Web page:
时间：02-20 来源：转载自澎湃新闻 浏览量：9194
"Yes, he is very nosy about that," said Dumbledore, now sounding cheerful, and Harry thought it safe to look up again. "He has even attempted to have me followed. Amusing, really. He set Dawlish to tail me. It wasn't kind. I have already been forced to jinx Dawlish once; I did it again with the greatest regret."
'I haven't found one single explanation of what Horcruxes do!' she told him. 'Not a single one! I've been right through the restricted section and even in the most horrible books, where they tell you how to brew the most gruesome potions -nothing! All I could find was this, in the introduction to Magick Moste Evile - listen - "of the Horcrux, wickedest of magical inventions, we shall not speak nor give direction" ... I mean, why mention it, then?' she said impatiently, slamming the old book shut; it let out a ghostly wail. 'Oh, shut up,' she snapped, stuffing it back into her bag.
There was silence for a moment or two, then Ron said, " 'Course, you know what they'll all say? Dad and Dumbledore and all of them? They'll say Snape isn't really trying to help Malfoy, he was just trying to find out what Malfoy's up to."
"No, 1 wouldn't," said Harry.
Ron thought that Harry was unlikely to have any trouble with Slughorn at all.
"Oh, of course," said Professor Trelawney with an angry, drunken titter. "Or Dobbin, as I prefer to think of him. You would have thought, would you not, that now I am returned to the school Professor Dumbledore might have got rid of the horse? But no ... we share classes. . . . It's an insult, frankly, an insult. Do you know. . ." Professor Trelawney seemed too tipsy to have recognized Harry.
"I never said you couldn't — Ron, you thought you'd been given it too!"
"No, I will not!" yelled Ginny, beside herself. "I've seen you with Phlegm, hoping she'll kiss you on the cheek every time you see her, it's pathetic! If you went out and got a bit of snogging done your self, you wouldn't mind so much that everyone else does it!"
"This will not take long," said Dumbledore, when he had finally emptied the phial. "We shall be back before you know it. Once more into the Pensieve, then . . ."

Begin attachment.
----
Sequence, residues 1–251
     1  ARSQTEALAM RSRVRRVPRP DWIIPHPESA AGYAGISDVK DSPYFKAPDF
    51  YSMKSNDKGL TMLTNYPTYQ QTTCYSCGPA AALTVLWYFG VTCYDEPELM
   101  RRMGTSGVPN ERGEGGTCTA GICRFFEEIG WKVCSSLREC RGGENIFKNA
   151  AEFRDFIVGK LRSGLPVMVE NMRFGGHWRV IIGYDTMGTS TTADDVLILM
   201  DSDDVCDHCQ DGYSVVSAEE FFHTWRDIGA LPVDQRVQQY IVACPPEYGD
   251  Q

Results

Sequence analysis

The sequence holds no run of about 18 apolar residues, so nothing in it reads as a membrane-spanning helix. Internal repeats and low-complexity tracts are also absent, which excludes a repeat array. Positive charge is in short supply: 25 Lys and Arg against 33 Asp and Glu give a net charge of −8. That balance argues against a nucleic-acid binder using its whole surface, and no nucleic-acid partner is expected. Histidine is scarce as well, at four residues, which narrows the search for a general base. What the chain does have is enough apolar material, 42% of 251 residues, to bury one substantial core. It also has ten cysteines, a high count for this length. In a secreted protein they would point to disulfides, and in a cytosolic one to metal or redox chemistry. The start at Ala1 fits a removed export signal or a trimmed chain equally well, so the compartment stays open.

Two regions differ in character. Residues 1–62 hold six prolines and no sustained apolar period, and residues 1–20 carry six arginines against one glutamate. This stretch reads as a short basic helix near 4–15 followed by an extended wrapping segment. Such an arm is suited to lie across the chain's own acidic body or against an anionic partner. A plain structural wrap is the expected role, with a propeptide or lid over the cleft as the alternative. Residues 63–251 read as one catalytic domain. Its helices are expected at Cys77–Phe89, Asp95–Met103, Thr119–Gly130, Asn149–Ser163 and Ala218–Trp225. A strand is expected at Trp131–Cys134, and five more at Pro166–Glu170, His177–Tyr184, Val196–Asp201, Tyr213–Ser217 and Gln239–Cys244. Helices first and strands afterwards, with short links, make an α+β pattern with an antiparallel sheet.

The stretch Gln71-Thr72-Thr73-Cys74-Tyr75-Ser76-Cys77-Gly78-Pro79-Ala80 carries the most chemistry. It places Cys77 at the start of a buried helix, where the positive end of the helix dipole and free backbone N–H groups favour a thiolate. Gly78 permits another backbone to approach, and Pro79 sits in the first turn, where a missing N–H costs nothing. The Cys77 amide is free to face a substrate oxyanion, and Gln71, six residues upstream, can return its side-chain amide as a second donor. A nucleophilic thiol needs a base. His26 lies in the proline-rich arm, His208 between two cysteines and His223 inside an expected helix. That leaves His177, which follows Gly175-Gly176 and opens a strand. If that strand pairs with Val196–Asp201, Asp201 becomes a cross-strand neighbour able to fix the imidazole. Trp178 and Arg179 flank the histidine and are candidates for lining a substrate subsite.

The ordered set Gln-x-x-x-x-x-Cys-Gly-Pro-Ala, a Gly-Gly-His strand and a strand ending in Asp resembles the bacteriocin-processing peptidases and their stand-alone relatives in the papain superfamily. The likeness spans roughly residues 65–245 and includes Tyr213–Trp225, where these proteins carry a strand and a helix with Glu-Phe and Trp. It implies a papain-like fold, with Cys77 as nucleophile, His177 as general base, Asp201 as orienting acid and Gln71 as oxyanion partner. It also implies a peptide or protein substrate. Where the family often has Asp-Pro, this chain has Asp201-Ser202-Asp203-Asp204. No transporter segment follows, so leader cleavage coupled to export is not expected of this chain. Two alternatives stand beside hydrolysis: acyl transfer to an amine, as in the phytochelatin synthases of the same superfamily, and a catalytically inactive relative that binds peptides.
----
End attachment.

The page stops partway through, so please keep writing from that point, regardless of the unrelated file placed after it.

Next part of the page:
"So the Ministry called upon Morfin. They did not need to question him, to use Veritaserum or Legilimency. He admitted to the murder on the spot, giving details only the murderer could know. He was proud, he said, to have killed the Muggles, had been awaiting his chance all these years. He handed over his wand, which was proved at once to have been used to kill the Riddles. And he permitted himself to be led off to Azkaban without a fight.
The gnome had just managed to get hold of a worm. It was now tugging very hard on it, trying to get it out of the frozen ground. Harry was silent so long that Scrimgeour said, looking from Harry to the gnome, "Funny little chaps, aren't they? But what say you, Harry?"
He was not fooled; for all Scrimgeour's talk that they had just been in the area, that Percy wanted to look up his family, this must be the real reason that they had come, so that Scrimgeour could speak to Harry alone.
"Or he's the world's biggest prat," said Fred, as Mrs. Weasley left the kitchen. "One of the two. "Well, let's get going, then, George."
"Oh - yes - didn't you know?" said Harmione, with a most un-Hermione-ish giggle.
"You haven't heard of him?" Lupin's hands closed convulsively in his lap. "Fenrir Greyback is, perhaps, the most savage werewolf alive today. He regards it as his mission in life to bite and to conta-minate as many people as possible; he wants to create enough were-wolves to overcome the wizards. Voldemort has promised him prey in return for his services. Greyback specializes in children. . . . Bite them young, he says, and raise them away from their parents, raise them to hate normal wizards. Voldemort has threatened to unleash him upon people's sons and daughters; it is a threat that usually produces good results."
Snow was swirling against the icy windows once more; Christmas was approaching fast. Hagrid had already singlehandedly delivered the usual twelve C hristmas trees to the Great Hall; garlands of holly and tinsel had been twisted around the banisters of the stairs; everlasting candles glowed from inside the helmets of suits of armor and great bunches of mistletoe had been hung at intervals along the corridors. Large groups of girls tended to converge underneath the mistletoe bunches every time Harry went past, which caused blockages in the corridors; fortunat e ly, however, Harry's frequent nighttime wanderings had given him an unusually good knowledge of the castle's secret passageways, so that he was often, without too much difficulty, to naviga t e mistletoe-free routes between classes.？